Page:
Biogen pays $22 million to resolve drug kickback accusations

Cambridge-based Biogen — now well-known as the host of an early-pandemic superspreader event — has agreed to fork over $22 million to close the case on claims that its used two charitable funds to “game the system” and give kickbacks to people taking its multiple sclerosis drugs.
U.S. Attorney Andrew Lelling’s office announced settlements on Thursday, with Biogen paying the $22 million “to resolve allegations that it violated the False Claims Act” and specialty pharmacy Advanced Care Scripts agreeing to pay $1.4 million to close the book on accusations it helped the larger company do so.
“Biogen coordinated with ACS to game the system, time its payments, and direct its money to cover co-pay costs for patients using its drugs,” said First Assistant United States Attorney Nathaniel Mendell in a statement.
The federal prosecutors say Biogen and ACS used the foundations Chronic Disease Fund and The Assistance Fund as “conduits” to pay the co-pay obligations of thousands of Medicare patients taking Avonex and Tysabri, two multiple sclerosis drugs.
The feds’ “Anti-Kickback Statute” prohibits pharmaceutical companies from giving people anything — directly or indirectly — to induce Medicare patients to purchase companies’ drugs.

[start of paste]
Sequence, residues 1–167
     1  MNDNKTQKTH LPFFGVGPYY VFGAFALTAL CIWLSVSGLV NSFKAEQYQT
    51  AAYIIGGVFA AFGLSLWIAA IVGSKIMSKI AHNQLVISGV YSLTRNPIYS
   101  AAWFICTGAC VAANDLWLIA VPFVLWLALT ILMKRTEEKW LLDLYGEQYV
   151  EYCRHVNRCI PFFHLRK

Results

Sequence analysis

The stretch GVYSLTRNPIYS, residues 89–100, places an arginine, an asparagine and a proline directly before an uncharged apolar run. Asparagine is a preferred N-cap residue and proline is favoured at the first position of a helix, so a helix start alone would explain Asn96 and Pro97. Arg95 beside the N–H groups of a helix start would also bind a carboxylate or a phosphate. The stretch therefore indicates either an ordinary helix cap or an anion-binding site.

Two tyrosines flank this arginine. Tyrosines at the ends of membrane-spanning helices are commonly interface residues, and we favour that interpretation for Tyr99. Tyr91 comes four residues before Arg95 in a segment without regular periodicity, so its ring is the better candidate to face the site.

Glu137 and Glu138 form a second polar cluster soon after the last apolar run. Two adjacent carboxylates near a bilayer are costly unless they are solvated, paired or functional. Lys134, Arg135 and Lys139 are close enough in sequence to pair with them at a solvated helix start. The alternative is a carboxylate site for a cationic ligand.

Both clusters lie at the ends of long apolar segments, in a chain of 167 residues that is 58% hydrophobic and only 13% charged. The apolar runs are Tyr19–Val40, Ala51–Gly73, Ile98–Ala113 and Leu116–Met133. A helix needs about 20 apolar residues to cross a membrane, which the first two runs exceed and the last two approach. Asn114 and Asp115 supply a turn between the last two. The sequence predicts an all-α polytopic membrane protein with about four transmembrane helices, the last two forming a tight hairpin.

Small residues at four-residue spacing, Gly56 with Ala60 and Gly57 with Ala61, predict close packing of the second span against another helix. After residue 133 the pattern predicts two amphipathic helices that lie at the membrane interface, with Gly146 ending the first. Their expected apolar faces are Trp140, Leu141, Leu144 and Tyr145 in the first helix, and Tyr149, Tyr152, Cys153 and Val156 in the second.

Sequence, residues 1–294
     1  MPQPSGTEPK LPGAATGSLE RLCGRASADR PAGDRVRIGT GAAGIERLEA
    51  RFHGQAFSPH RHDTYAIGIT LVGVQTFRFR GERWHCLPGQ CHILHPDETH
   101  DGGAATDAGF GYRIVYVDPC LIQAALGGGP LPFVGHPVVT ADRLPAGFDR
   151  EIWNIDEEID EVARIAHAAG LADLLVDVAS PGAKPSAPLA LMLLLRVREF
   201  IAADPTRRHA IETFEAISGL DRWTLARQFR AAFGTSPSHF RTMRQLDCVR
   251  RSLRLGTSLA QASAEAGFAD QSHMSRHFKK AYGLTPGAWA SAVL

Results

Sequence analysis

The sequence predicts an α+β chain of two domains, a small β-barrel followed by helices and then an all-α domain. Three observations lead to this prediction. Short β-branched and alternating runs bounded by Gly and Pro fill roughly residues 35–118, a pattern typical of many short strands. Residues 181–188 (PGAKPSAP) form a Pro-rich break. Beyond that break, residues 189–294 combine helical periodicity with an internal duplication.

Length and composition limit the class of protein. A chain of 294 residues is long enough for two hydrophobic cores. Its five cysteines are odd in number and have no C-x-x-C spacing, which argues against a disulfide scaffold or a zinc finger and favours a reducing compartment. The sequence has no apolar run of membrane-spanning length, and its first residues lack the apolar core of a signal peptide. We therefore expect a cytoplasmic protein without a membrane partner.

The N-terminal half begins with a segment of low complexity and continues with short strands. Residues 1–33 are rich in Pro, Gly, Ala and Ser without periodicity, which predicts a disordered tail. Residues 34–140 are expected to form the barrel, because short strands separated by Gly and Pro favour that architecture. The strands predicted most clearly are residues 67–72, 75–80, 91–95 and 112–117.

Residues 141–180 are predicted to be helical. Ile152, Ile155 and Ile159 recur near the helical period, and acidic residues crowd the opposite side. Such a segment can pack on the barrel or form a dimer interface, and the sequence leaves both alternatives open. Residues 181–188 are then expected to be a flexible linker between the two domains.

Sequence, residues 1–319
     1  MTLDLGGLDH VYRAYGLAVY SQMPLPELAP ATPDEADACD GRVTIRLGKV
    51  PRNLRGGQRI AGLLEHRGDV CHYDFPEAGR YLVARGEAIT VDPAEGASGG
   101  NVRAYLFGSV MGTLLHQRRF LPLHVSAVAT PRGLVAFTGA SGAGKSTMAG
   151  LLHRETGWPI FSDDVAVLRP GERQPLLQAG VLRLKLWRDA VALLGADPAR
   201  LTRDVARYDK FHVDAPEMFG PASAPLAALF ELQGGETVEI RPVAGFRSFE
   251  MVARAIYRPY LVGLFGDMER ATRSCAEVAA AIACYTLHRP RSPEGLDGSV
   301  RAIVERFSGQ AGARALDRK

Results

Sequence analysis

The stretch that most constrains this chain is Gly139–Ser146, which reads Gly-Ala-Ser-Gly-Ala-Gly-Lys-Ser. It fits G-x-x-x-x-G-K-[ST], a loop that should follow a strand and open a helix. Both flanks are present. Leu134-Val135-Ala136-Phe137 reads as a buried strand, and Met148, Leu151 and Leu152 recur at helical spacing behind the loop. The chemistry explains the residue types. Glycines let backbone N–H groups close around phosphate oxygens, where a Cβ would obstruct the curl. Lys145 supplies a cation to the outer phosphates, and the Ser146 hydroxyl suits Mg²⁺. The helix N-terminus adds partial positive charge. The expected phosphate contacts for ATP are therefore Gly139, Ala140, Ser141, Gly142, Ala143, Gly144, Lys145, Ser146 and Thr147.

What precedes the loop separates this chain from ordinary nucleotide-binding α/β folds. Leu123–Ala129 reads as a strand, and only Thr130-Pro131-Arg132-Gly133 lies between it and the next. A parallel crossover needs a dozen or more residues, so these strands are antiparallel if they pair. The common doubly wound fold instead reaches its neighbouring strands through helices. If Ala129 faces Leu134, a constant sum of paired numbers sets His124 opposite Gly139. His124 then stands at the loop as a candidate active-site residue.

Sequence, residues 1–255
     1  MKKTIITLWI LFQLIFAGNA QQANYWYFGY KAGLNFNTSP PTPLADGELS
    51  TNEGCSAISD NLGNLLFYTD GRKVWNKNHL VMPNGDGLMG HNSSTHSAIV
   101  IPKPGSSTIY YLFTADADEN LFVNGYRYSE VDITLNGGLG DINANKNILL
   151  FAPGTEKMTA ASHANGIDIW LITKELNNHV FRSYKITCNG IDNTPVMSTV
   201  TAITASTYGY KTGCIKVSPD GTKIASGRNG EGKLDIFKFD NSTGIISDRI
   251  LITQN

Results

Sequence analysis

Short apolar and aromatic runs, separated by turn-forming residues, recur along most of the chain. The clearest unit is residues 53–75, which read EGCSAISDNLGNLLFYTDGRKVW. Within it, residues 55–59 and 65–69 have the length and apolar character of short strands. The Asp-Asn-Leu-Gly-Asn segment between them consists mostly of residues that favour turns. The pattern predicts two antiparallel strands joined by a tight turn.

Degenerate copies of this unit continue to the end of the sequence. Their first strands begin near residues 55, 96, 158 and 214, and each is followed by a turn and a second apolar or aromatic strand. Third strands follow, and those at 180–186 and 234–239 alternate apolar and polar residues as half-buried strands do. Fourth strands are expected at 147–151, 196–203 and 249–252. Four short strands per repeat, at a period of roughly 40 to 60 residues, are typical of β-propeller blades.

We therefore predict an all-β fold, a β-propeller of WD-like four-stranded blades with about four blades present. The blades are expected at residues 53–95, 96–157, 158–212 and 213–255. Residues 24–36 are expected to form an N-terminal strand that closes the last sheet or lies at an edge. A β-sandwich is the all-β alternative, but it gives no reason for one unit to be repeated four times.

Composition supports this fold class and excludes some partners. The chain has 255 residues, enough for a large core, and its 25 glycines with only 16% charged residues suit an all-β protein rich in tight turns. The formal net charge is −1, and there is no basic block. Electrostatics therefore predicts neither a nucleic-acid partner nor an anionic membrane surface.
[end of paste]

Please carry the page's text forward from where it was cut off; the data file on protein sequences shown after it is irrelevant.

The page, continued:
CDF paid $2 million and TAF paid $4 million, both last year, to resolve related allegations against them.
“Biogen tried to unfairly boost its bottom line by working with Advanced Care Scripts to bill Medicare for those who were already receiving their drug for free, undermining Medicare’s co-pay structure which was set up to safeguard against inflated drug prices,” said Joseph Bonavolonta, Special Agent in Charge of the FBI Boston Division. “Kickback schemes like this one undermine our healthcare system, can compromise medical decisions, and waste taxpayer dollars.”
Biogen is now well known for hosting a large conference downtown in the very early days of the pandemic that quickly led to 100 sick attendees, sending the company and health officials scrambling with shuttle buses to round up all the people exposed and bring them to Boston hospitals for testing. A recent study estimated some 300,000 cases can be traced back to that Feb. 26-27 conference.
In all, Biogen’s two-day brainstorming session is tied to an estimated 1.6% of all coronavirus infections in the U.S., the study states.

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